October 03, 2008
On October 2, Harvard Law School Professor Carol Steiker ’86 was presented with the Hugo A. Bedau Award by Massachusetts Citizens Against the Death Penalty for her contributions to death penalty scholarship.
“I’m honored to receive the Hugo Adam Bedau award from Massachusetts Citizens Against the Death Penalty, the nation’s oldest abolitionist organization,” Steiker said. “The work of Professor Bedau has rightly inspired an award in his name, for his work has taught us about the importance of studying capital punishment not only for its own sake, but also as a barometer for so many of the things that any society should hold dear -- the protection of human dignity, the requirement of equal treatment under law, and necessary limits of the punitive power of the state.”
The award is named in honor of Hugo Bedau, the Austin B. Fletcher Professor of Philosophy, Emeritus at Tufts University. Well-known for his work on capital punishment, Bedau was also an outspoken expert on the topic, frequently testifying before Congress and state legislatures on the issue.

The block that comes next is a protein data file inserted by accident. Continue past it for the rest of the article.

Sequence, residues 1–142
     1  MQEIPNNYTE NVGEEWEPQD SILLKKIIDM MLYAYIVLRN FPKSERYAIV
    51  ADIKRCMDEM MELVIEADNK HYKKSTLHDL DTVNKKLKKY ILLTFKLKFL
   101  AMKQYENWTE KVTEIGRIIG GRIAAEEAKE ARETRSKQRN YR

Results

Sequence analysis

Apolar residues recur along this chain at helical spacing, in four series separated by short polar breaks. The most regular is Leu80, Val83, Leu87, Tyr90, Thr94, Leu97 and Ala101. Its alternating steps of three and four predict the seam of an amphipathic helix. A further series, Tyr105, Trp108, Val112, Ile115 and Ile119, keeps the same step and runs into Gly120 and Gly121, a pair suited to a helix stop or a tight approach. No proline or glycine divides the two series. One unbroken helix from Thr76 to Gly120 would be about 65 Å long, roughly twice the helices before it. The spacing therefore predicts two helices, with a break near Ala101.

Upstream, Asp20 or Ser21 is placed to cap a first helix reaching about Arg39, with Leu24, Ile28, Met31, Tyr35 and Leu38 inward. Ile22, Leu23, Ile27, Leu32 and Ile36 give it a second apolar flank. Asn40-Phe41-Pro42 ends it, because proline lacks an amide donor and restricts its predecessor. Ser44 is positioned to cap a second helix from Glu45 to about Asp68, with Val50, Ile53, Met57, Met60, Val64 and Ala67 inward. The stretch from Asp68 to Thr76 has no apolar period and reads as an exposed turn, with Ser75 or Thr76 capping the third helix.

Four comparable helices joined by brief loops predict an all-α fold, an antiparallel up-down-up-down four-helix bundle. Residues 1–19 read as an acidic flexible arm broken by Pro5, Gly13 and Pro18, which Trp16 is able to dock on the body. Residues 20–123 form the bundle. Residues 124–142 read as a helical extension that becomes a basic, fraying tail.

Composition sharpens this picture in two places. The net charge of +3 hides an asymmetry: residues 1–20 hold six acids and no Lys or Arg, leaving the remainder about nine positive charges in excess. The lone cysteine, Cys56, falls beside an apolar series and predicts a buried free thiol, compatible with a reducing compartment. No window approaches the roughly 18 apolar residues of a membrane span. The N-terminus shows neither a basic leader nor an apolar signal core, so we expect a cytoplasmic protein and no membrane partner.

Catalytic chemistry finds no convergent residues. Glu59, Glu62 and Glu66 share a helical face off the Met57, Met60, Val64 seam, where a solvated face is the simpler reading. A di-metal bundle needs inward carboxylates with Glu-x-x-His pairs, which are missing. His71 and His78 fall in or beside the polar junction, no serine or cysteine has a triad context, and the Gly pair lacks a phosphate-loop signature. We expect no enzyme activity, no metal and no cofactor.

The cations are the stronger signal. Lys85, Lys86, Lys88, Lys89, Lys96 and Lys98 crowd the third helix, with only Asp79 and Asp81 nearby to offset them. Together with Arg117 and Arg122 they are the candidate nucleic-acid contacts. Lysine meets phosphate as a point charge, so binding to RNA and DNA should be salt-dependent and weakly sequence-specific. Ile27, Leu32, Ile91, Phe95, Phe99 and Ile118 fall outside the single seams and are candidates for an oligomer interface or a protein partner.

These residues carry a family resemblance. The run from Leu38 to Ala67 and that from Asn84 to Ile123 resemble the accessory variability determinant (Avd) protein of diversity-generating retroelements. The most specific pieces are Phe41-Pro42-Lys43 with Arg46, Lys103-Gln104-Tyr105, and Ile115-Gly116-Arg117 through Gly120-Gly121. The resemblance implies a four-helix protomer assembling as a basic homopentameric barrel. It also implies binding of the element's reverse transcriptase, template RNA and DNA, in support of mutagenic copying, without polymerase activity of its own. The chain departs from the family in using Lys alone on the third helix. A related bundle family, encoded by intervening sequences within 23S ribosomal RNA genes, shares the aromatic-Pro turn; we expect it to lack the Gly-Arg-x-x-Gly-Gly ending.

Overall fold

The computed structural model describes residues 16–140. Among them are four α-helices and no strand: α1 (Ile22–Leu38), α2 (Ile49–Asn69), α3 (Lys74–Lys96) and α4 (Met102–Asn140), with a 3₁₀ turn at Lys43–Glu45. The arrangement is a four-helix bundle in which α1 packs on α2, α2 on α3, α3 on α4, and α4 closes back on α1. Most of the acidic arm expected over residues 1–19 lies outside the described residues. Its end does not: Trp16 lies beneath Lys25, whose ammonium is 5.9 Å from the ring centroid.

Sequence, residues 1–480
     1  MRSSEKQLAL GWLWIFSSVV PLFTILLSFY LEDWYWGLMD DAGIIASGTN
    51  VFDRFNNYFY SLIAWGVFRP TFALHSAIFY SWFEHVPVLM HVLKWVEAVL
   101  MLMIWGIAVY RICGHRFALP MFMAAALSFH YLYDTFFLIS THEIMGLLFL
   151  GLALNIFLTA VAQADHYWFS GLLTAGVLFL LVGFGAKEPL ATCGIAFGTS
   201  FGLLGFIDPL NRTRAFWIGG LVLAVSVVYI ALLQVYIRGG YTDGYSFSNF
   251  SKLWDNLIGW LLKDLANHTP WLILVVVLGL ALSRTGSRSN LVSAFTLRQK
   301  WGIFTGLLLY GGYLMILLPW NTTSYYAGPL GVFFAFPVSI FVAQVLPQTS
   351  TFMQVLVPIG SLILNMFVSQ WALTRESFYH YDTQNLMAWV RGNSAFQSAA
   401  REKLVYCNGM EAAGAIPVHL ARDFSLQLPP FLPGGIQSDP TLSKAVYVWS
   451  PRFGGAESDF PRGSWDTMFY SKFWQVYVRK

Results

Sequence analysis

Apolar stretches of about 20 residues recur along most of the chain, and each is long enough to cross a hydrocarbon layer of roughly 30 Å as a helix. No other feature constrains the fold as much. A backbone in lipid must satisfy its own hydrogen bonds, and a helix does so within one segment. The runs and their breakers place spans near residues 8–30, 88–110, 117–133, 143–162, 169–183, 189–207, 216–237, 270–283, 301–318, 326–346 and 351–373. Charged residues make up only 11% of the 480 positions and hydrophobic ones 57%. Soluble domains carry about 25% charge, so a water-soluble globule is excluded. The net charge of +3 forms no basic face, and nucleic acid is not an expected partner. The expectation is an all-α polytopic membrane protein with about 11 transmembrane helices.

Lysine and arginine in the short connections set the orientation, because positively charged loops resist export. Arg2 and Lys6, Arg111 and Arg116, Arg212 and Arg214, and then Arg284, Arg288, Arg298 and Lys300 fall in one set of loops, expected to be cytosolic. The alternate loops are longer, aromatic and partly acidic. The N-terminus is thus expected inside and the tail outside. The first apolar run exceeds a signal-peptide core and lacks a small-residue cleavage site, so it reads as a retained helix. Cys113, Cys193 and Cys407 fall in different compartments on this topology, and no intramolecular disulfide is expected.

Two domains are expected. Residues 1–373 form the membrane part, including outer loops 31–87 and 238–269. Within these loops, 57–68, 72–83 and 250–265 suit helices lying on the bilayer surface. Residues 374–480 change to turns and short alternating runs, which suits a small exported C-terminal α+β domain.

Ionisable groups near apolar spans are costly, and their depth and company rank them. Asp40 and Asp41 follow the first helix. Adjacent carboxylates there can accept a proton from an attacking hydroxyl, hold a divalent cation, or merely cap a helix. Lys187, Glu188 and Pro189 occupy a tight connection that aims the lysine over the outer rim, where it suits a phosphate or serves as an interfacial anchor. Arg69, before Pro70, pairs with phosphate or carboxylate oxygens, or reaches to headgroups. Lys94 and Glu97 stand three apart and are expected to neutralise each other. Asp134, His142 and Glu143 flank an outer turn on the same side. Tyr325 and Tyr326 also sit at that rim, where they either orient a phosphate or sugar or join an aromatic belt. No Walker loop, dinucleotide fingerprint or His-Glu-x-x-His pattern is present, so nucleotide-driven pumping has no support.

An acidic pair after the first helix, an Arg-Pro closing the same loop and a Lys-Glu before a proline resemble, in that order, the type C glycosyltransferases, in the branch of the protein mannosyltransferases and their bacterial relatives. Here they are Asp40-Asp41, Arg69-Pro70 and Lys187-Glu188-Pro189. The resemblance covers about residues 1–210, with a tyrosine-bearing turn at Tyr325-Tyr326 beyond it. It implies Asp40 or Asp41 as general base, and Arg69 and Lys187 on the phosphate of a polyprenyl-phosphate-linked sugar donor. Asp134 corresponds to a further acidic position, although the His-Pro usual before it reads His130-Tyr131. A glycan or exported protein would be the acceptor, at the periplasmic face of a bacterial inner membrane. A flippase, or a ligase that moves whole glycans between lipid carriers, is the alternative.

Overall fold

A premier expert on criminal law and capital punishment, Steiker is a co-author of “Criminal Law and Its Processes: Cases and Materials,” which is currently in its 8th edition. She is the editor of “Criminal Procedure Stories” and serves on the board of editors of the Encyclopedia of Crime and Justice. Recent topics of Steiker’s publications appearing in legal journals include the relationship of criminal justice scholarship to law reform, the role of mercy in the institutions of criminal justice, and the likelihood of nationwide abolition of capital punishment.
In addition to her scholarly work, Steiker has worked on numerous pro bono litigation projects on behalf of indigent criminal defendants. She has also served as a consultant and an expert witness on issues of criminal justice for non-profit organizations and has testified before Congress and the Massachusetts legislature. Last year, she argued a case before the Supreme Court and won, overturning a Texas death sentence.
Massachusetts Attorney General Martha Coakley was given the Herbert and Sarah Ehrmann Award, which is named for early Boston civic leaders and death penalty opponents, at the ceremony.